Featured Research

from universities, journals, and other organizations

Human Cells Secrete Cancer-killing Protein

Date:
July 27, 2009
Source:
University of Kentucky
Summary:
The tumor-suppressor protein Par-4 is secreted by human and rodent cells and activates a novel extrinsic pathway involving cell surface GRP78 receptor for induction of apoptosis, researchers have found.

Human cells are able to secrete a cancer-killing protein, scientists at the University of Kentucky's Markey Cancer Center have found.

Researchers led by Vivek Rangnekar, UK professor of radiation medicine, have determined that the tumor-suppressor protein Par-4, initially thought to be active only within cells expressing the Par-4 gene, is in fact secreted by most human and rodent cells and can target large numbers of cancer cells by binding to receptors on the cell surface.

This discovery, published today in the leading journal Cell, makes Par-4 a very attractive molecule for future research aimed at developing new cancer treatments.

"It was a pleasant surprise, when we noticed that Par-4 protein is secreted by cells," Rangnekar said. "This new finding means it is not necessary to make genetic modifications, or to employ recombinant viruses, to deliver the Par-4 gene to cancer cells, and it significantly expands the potential applications of Par-4 to selectively kill cancer cells."

Funded by several grants from the National Institutes of Health, Rangnekar's study found that when the Par-4 molecule binds to its receptor GRP78 on the surface of a tumor cell, it triggers a biological process called apoptosis or "cell suicide." Consistent with previous research by Rangnekar's laboratory with intracellular Par-4, the newly discovered secreted Par-4 acts selectively against cancer cells, leaving healthy cells unharmed. Few other molecules are known to exhibit such selectivity.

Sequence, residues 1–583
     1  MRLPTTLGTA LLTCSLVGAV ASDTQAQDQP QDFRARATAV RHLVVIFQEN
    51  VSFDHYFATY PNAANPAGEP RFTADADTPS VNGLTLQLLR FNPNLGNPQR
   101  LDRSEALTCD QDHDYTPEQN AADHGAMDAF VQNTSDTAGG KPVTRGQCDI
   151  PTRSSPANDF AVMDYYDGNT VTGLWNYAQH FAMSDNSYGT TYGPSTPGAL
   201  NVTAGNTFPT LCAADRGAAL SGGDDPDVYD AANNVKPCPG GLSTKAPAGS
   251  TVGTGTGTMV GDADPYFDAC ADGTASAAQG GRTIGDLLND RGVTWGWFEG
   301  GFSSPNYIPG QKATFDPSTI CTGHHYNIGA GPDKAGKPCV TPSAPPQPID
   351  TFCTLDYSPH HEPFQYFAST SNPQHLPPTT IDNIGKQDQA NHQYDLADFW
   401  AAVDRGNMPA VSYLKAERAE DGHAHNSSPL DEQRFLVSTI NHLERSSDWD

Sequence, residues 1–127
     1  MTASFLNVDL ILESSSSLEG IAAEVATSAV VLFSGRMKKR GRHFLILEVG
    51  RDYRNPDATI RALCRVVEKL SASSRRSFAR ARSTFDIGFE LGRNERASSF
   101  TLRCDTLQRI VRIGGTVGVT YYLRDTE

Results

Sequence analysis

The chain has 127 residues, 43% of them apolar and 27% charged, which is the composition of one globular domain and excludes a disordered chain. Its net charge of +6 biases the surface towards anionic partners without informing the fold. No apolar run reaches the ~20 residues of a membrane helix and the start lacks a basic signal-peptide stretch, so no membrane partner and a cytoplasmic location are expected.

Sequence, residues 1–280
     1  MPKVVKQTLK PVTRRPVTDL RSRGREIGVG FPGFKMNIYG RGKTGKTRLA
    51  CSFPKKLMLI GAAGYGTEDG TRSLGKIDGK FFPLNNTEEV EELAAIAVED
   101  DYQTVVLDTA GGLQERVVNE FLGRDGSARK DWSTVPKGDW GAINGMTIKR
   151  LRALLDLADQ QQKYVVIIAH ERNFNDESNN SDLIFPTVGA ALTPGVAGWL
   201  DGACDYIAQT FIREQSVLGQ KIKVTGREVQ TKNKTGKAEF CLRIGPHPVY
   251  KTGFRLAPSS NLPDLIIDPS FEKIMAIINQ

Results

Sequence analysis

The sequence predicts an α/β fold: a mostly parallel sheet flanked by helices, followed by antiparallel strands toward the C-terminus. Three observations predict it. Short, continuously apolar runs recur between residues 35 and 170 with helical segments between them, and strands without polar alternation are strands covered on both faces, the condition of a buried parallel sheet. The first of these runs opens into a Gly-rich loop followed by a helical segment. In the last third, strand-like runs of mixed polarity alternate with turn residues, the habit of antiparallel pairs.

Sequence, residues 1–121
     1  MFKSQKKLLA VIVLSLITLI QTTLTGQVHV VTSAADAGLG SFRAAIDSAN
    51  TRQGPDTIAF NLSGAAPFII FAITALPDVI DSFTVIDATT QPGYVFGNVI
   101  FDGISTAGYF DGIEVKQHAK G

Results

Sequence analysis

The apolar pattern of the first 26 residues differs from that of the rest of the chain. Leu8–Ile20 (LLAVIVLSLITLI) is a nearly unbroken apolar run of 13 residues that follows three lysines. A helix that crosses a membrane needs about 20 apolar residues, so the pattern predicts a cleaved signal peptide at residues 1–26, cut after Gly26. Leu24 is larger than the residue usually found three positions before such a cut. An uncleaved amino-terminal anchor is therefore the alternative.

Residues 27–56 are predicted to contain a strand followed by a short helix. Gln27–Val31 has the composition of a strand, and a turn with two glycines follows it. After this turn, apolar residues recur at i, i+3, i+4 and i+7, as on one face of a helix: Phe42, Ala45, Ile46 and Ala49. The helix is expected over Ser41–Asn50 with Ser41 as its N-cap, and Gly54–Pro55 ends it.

One molecule, known as TRAIL, also exerts cancer-cell-specific effects. However, Rangnekar's most recent study discovered that apoptosis inducible by TRAIL is dependent upon extracellular Par-4 signaling via cell surface GRP78. Thus, the researchers conclude, Par-4 activates a novel pathway involving cell surface GRP78 receptor for induction of apoptosis. In other words, without Par-4, TRAIL lacks the ability to cause "cell suicide."

Rangnekar first discovered the Par-4 gene in 1993. In 2007, Rangnekar's team introduced the gene into a mouse embryo, creating a cancer-resistant "supermouse" that did not develop tumors. In fact, the mice possessing Par-4 actually live a few months longer than lab mice without the gene, indicating that Par-4 mice have no toxic side effects.

While Par-4 is not necessarily a "magic bullet" — it does not target every type of cancer cell — Rangnekar says it could play a major role in developing new combination treatment modalities for cancer patients. His hope is that the next generation of treatments will be even more effective than conventional treatments available today, with fewer and less severe side effects.

"I look at this research from the standpoint of how it can be developed to benefit the cancer patient, and that's what keeps us focused," Rangnekar said, discussing the potential of Par-4 in 2007. "The pain that cancer patients go through — not just from the disease, but also from the treatment — is excruciating. If you can treat the cancer and not harm the patient, that's a major breakthrough."